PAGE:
Like so many things, it depends ....
A couple of years ago there was a discussion of Catalina operations at night and someone posted a link to the operations of the RL "Black Cats". One remarkable story was how they wreaked havoc on an IJ airfield in the Solomons at night. Allied air superiority shut down IJ airfields during the day so the Japanese conducted repairs at night using lights from vehicle and some lighting units attached to generators. The Cats came in low and bombed the construction troops, their vehicles and then the light-providing vehicles and generators before the Japanese could turn them off.

If Cats with a few small bombs and Para-frags could do that, it is not inconceivable for HBs in good moonlight to make good attacks. Just have lead aircraft drop flares over the target.

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Post #: 33
RE: Current thinking on HR for night bombing - 8/13/2019 8:05:40 PM   
HansBolter


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Why is it that so many players are A-OK with the overpowered capabilities of the Japanese side, but constantly want to reign in the overpowered capabilities of the Allied side?

If you hamstring the Allies by preventing them from shutting down air fields by night bombing, why are you not also restricting the use of Netties beyond fighter escort range, which is typically used to shut down naval movement without air cover?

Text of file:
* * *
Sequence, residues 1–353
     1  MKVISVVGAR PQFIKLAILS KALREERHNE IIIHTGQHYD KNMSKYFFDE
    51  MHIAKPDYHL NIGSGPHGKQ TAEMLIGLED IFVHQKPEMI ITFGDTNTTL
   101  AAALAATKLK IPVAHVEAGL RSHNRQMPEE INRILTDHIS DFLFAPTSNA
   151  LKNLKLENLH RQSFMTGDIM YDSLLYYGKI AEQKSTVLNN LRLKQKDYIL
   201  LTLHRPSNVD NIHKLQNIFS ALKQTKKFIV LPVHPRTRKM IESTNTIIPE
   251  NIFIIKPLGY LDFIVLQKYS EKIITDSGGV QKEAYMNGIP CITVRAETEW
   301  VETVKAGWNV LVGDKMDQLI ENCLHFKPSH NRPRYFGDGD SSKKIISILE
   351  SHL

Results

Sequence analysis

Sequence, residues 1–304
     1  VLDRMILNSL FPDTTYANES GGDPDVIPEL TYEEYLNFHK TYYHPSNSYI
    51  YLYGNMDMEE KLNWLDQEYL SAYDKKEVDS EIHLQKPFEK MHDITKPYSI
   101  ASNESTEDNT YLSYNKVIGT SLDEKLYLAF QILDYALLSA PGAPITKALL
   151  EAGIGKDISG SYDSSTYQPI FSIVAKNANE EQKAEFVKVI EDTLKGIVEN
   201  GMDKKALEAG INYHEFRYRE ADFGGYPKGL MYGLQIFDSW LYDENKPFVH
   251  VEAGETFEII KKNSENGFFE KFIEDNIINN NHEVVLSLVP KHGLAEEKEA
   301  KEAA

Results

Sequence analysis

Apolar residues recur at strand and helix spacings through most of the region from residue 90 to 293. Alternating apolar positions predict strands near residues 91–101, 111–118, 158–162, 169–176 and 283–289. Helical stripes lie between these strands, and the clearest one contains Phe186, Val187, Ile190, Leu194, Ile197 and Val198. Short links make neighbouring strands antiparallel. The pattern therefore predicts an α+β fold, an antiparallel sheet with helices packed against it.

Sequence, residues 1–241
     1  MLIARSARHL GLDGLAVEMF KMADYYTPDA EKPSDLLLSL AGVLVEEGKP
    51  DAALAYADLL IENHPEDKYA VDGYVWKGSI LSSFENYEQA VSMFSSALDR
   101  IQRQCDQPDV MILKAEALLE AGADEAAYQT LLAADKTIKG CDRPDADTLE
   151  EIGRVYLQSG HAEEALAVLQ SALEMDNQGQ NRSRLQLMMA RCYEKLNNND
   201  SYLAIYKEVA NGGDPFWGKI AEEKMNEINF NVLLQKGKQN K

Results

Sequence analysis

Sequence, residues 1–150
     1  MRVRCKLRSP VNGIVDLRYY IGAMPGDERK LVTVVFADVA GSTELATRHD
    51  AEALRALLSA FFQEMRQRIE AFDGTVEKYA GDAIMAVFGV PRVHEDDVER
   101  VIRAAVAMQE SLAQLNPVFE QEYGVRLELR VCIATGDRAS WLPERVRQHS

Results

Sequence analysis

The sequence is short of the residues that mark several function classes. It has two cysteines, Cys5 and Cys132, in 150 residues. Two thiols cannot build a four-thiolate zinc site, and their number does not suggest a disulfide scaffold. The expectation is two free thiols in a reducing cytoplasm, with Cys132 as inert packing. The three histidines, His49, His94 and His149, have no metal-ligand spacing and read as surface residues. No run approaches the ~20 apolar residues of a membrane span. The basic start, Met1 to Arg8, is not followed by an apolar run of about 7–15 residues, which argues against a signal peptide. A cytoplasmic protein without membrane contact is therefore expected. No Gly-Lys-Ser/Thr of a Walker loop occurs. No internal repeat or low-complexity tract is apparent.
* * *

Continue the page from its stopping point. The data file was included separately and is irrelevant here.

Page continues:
Why are all of the overpowered Japanese capabilities OK?

Why does only the Allied side need to be reigned in?

Why are so many hypocrites playing this game?

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Post #: 34
RE: Current thinking on HR for night bombing - 8/13/2019 9:50:51 PM   
BBfanboy


Posts: 13114
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quote:

ORIGINAL: HansBolter

Why is it that so many players are A-OK with the overpowered capabilities of the Japanese side, but constantly want to reign in the overpowered capabilities of the Allied side?

If you hamstring the Allies by preventing them from shutting down air fields by night bombing, why are you not also restricting the use of Netties beyond fighter escort range, which is typically used to shut down naval movement without air cover?

Why are all of the overpowered Japanese capabilities OK?

Why does only the Allied side need to be reigned in?

Why are so many hypocrites playing this game?

Easy Hans, that last remark was uncalled for. If they want to negotiate away some capabilities to keep their opponent playing longer, that's their choice to make. The game experience is in the player's experience and they do not have to have the same passion for historic or "as programmed" play as you do. Pointing out the impact of such HRs is fine, dissing the players choices is not.

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No matter how bad a situation is, you can always make it worse. - Chris Hadfield : An Astronaut's Guide To Life On Earth

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Post #: 35
RE: Current thinking on HR for night bombing - 8/13/2019 10:15:59 PM   
RangerJoe


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Instead of building Petes, build more Jakes. It has a longer range, makes for an excellent scout FP, and it gets radar later. So where is Gary Burgoff until then?

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Post #: 36
RE: Current thinking on HR for night bombing - 8/13/2019 11:38:22 PM   
bomccarthy


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quote:

ORIGINAL: Alpha77

I know Wiki is often not the best source but here is their article about night bombers (it names only 3 types, Wellingtons, Whitley and B29s later.). But seems I was wrong above and Wellington was not meant (at least early) as a night bomber:

quote:

Interwar period and World War II